Tech Tie In: Microsoft acquisitions, IBM’s Watson, and less browser updates

Microsoft acquires Nuance for $20B

As Brad and Aaron discussed Microsoft’s recent $20 billion (all-cash) purchase of Nuance Communications, I experienced a moment of speech recognition…recognition. The company name didn’t leap immediately to mind, but as they began discussing the company’s Dragon speech recognition software, it all came flooding back.

Eleven years ago, on my iPhone 4 (the second and last iPhone I ever owned), which at various times had both Dragon NaturallySpeaking speech recognition software on it, as well as the Siri app, before it was acquired by Apple and added to the iOS operating system. That’s a bit of a continuing theme for me: features that were once killer apps are now literally built into my keyboard and OS, and there’s really not much difference for me as a smartphone user between one platform and another.

Speech recognition works…well enough, most of the time, and has gradually improved over time, both on a platform and user-specific basis. When this all began to take off in 2010, the App Store walled garden meant a bit more to me in terms of functionality, and I didn’t know at the time (since it wasn’t made public until 2013) that Nuance had actually built the speech recognition engine used by Siri.

So, there is a bit of historical irony in the company being acquired by Microsoft now, for reasons that appear to be wholly unrelated to the consumer mobile ecosystem. Because being able to understand human speech is only part of the equation. The device, or the cloud computing that is operating behind the scenes, needs to be able to take meaningful action based on that speech, and that’s likely where a company like Microsoft comes in.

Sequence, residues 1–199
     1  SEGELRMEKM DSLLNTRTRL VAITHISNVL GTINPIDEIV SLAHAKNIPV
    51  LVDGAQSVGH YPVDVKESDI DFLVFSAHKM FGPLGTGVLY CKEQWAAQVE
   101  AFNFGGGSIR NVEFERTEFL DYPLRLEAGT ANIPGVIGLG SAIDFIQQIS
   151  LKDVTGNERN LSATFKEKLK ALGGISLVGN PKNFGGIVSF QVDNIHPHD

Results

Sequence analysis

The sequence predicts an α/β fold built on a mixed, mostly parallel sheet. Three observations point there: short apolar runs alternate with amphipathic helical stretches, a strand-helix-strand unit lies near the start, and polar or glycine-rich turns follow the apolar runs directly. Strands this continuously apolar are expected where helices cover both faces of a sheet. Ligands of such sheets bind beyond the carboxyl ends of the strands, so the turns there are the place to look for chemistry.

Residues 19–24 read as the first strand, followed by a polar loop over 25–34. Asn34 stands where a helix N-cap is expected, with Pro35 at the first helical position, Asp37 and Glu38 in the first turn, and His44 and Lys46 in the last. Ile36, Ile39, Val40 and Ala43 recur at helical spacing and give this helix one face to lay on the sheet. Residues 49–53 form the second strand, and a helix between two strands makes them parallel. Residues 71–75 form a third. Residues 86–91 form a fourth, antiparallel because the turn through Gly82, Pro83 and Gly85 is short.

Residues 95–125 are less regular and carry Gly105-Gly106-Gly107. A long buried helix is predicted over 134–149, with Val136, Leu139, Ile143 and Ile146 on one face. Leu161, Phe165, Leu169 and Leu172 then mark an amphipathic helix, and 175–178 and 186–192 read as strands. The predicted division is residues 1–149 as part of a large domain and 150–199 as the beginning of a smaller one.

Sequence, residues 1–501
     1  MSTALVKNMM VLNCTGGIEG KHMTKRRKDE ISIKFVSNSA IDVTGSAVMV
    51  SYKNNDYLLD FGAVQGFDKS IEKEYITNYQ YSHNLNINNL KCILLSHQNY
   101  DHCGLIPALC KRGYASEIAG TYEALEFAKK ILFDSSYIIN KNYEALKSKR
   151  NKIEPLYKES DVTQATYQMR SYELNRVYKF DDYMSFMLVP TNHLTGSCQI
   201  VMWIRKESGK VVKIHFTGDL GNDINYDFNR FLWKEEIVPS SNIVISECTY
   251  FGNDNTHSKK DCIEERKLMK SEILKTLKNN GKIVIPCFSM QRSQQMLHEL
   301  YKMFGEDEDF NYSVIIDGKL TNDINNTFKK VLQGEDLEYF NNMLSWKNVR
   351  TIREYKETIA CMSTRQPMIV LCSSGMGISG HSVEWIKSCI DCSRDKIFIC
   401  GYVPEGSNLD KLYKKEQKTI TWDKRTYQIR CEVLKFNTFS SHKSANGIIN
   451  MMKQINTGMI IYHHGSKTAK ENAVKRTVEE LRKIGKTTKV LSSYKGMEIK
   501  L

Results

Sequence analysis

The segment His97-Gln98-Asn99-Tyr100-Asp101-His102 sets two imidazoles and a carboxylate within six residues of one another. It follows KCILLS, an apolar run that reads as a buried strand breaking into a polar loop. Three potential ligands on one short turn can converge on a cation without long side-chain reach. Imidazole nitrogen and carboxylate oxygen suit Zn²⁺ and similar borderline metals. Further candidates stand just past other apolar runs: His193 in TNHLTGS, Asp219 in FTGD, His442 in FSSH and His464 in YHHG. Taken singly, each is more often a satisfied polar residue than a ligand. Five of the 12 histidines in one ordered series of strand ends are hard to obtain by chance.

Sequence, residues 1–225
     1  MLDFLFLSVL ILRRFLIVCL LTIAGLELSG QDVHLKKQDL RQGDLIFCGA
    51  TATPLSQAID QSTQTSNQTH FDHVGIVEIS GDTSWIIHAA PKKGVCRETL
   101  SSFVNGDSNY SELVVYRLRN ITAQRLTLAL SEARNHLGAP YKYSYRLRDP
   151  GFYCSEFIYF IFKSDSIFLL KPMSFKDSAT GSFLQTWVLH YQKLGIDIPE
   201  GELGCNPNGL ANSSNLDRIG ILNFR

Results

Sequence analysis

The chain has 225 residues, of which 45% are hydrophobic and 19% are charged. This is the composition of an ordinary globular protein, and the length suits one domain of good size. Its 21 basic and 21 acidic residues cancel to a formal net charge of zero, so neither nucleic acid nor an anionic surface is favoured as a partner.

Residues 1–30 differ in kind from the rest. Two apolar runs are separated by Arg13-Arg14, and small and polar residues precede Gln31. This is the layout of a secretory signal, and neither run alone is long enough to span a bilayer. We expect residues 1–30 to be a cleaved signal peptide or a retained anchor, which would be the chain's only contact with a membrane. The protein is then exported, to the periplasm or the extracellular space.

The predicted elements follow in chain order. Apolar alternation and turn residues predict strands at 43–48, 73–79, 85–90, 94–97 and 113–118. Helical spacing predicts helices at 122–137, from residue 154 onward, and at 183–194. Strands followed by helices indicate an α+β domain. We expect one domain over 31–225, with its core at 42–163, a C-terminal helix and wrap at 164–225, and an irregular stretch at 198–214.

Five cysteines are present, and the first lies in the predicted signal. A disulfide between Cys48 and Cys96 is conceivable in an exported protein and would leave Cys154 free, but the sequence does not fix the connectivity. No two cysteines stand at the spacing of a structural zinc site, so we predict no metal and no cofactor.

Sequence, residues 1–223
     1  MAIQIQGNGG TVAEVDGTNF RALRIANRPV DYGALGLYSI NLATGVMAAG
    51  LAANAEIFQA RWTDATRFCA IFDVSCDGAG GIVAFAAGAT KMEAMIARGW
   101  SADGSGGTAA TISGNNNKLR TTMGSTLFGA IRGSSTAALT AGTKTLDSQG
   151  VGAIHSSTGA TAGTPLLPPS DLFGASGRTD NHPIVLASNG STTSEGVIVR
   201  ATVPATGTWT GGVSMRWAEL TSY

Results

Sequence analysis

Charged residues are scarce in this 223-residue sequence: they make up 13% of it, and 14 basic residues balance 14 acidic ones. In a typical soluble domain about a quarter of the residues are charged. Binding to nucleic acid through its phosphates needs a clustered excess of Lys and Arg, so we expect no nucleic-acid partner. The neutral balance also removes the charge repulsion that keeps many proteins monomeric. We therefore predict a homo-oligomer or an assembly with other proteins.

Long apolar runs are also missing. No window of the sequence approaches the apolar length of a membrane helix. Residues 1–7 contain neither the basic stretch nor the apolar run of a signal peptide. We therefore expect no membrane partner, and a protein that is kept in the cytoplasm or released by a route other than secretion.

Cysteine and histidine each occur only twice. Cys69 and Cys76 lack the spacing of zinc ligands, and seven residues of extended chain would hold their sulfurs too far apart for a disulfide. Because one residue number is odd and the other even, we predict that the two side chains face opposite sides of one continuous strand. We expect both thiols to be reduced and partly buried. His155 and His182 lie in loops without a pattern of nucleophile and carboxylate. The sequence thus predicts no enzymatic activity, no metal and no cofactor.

The biggest reason why Nuance didn’t spring to mind for me is because I don’t work in the healthcare industry, where the company has made significant inroads into clinical speech recognition and electronic health recordkeeping. Again, This is an area where there’s significant room to add some intelligence on the cloud end of things.

Machine learning in medicine

Around the same time the whole Nuance/Siri/Apple kerfuffle was happening, IBM’s Watson computer made headlines for beating Ken Jennings on Jeopardy!, and subsequently vanished into the healthcare industry as well. This was a computer that had the ability to both receive and “understand” natural language, and take meaningful action based upon it. In the intervening years, Watson was immediately put to work in a healthcare setting, driving everything from clinical decision support systems (CDSS) to providing treatment recommendations for lung cancer patients.

Going beyond Watson (which has expanded into other fields since), it’s fair to say that we owe a great many recent medical innovations to the advent of machine learning in medicine, including the “gigantic leap” in our understanding of protein-folding (one of the most basic functions in cellular biology) by Google-offshoot DeepMind, to the mRNA vaccines that are now being used to immunize people against COVID-19.

While Brad and Aaron spent a good chunk of time debating whether Microsoft had gotten a good price for such a massive acquisition, as someone who doesn’t hold any Microsoft stock, I don’t particularly care about this question, except to the extent that I’m hoping it means developing more and better tools to keep people healthy – which may well turn out to be the case.

The downside to less updates